It’s What’s For Breakfast!
Linum is one of those rare meteorites whose date of fall is within a few years of its TKW in grams.
In this case, the Linum fell in 1854 with a total known weight of 1862 grams.
Mike Bandli has an excellent description of the fall of Linum, translated by Werner Schroer on his website.
Here’s a taste from the story:
Shortly before 8 o’clock, around the time of breakfast, on the 5th of September of the year, I was standing on the digging fields that are located near the meadows of the Wustrau farm.
There were no clouds in the sky, the air was clear, the water was still. I was intrigued by a strange noise; it was as if the windmills of the adjacent digging plant were spinning and I wondered why this could be happening when no wind was around.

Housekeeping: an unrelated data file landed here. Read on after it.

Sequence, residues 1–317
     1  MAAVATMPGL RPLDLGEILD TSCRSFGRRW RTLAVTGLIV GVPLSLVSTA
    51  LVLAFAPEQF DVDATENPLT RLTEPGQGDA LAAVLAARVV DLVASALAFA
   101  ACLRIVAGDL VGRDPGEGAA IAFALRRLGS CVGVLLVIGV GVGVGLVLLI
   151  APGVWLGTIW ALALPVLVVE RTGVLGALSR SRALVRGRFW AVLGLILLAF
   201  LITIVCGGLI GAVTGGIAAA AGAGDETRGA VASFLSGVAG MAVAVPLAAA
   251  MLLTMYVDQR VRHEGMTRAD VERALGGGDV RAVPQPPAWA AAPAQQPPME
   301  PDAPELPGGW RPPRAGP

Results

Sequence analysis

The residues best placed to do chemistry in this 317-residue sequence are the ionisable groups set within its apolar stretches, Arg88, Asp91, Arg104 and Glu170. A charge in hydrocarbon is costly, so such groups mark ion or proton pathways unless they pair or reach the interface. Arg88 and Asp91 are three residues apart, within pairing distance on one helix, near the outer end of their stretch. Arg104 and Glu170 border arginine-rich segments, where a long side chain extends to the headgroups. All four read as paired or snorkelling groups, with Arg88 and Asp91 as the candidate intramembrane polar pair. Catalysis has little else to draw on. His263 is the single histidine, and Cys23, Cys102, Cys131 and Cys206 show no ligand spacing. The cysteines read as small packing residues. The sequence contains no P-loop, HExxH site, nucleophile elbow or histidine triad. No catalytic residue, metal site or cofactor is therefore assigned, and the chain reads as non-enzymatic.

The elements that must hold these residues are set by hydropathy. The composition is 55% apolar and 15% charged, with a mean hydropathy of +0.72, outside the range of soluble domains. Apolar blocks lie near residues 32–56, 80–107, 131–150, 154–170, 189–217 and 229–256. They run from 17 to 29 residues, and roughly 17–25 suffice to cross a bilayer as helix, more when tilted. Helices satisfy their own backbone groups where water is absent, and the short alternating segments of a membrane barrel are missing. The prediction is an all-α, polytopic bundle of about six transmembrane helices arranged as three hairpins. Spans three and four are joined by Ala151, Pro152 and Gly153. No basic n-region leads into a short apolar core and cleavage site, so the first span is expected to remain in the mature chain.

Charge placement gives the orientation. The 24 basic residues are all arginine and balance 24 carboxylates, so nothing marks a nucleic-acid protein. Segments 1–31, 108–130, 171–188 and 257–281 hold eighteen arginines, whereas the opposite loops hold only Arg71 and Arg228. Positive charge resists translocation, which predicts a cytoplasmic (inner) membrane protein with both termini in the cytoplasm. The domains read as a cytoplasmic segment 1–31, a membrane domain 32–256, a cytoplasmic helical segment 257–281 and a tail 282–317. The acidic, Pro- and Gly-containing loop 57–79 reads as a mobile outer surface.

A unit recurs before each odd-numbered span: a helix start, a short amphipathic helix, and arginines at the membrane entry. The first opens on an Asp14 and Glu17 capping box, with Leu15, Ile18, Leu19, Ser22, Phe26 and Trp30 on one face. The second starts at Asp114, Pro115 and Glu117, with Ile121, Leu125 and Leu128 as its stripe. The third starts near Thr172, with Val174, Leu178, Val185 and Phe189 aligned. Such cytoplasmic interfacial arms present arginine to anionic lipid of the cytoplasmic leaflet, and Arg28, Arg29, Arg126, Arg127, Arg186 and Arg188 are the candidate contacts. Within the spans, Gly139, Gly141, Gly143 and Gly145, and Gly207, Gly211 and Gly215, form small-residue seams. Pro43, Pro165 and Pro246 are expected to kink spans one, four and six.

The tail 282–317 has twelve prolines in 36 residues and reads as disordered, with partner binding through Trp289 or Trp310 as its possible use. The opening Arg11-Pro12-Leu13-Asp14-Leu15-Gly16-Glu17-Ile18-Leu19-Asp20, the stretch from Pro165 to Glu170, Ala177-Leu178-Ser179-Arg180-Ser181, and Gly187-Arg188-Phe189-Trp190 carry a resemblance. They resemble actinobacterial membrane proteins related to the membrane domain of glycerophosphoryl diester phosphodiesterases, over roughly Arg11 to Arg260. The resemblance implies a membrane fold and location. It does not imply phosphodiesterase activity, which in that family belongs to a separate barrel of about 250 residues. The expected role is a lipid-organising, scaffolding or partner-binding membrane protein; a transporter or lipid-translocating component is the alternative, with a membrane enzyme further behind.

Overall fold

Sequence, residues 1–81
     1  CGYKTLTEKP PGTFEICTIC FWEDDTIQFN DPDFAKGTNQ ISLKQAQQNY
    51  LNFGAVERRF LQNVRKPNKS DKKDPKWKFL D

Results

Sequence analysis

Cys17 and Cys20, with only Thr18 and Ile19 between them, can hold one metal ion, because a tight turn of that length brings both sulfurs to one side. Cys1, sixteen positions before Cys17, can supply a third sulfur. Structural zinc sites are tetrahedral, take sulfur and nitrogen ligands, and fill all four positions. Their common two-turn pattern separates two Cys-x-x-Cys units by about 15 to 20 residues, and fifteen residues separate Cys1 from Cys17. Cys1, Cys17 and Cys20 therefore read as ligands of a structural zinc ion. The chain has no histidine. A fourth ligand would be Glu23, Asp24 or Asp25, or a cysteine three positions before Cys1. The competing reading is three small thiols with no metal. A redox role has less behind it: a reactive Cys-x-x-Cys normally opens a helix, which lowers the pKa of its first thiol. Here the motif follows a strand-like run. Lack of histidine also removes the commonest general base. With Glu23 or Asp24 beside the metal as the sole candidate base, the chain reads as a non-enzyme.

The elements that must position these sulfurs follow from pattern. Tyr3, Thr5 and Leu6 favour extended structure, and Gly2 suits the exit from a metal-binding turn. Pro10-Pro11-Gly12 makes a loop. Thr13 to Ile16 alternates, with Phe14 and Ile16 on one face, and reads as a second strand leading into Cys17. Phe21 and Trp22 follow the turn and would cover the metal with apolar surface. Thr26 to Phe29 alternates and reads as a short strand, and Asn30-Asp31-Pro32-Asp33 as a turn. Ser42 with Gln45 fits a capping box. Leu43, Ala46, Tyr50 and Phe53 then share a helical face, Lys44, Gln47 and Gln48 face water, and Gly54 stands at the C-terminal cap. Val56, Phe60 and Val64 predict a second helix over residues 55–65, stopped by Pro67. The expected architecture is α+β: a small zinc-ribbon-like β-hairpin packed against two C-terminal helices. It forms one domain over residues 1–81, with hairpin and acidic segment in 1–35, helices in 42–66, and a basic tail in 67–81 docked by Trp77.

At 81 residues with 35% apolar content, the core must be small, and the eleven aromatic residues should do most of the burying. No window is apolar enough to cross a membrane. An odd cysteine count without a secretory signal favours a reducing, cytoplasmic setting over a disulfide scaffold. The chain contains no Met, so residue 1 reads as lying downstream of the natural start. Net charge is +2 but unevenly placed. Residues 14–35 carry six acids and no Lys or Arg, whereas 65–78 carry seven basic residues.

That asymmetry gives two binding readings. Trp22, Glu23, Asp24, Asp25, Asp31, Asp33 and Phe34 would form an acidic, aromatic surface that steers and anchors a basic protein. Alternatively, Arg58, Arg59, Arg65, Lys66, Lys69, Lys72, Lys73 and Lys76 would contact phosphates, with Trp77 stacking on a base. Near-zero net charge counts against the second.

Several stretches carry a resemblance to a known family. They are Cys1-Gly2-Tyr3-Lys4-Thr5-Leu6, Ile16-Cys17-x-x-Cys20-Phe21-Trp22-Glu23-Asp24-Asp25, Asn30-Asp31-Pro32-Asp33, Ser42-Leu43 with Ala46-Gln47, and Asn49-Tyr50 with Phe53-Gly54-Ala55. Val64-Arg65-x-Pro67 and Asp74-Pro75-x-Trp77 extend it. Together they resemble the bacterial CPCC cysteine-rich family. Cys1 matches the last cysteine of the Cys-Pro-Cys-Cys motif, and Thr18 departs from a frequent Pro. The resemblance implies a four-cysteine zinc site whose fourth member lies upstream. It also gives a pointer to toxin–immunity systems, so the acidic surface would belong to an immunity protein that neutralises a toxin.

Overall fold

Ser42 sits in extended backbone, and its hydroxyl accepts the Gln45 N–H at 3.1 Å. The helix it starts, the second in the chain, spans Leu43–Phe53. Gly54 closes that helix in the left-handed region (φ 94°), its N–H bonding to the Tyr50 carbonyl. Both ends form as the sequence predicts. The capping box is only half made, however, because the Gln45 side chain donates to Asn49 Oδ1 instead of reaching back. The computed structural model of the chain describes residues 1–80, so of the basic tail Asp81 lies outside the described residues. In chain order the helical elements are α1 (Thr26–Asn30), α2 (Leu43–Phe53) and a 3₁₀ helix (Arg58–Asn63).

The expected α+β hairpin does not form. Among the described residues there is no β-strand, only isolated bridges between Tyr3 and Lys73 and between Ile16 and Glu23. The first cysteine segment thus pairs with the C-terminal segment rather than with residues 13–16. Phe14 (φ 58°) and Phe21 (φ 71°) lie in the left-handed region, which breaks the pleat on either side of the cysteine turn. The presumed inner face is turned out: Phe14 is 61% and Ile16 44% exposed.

The amazing crust is so evenly distributed along the edge of my slice that it’s as if the layer of crust was manufactured separately from the stone, then installed after landing.
|The Linum chondrite fell a full century before the historic-feeling Sylacauga, Alabama meteorite.Well, perhaps Ann Elizabeth Hodges who was on the receiving end of the Sylacauga stone didn’t think it felt quite so historic.|
|For an L6, Linum does have some very nice chondrules including the large, almost perfectly circular spherical cross-section in the upper left of this slice.|
Even before the summer solstice, this year has proven itself an exciting one for meteorite aficionados. But that is not reason enough to stop looking backwards for exciting meteorite falls. And there is still a wealth of great stories from the 1800s including that of Linum, Germany.
Until next time….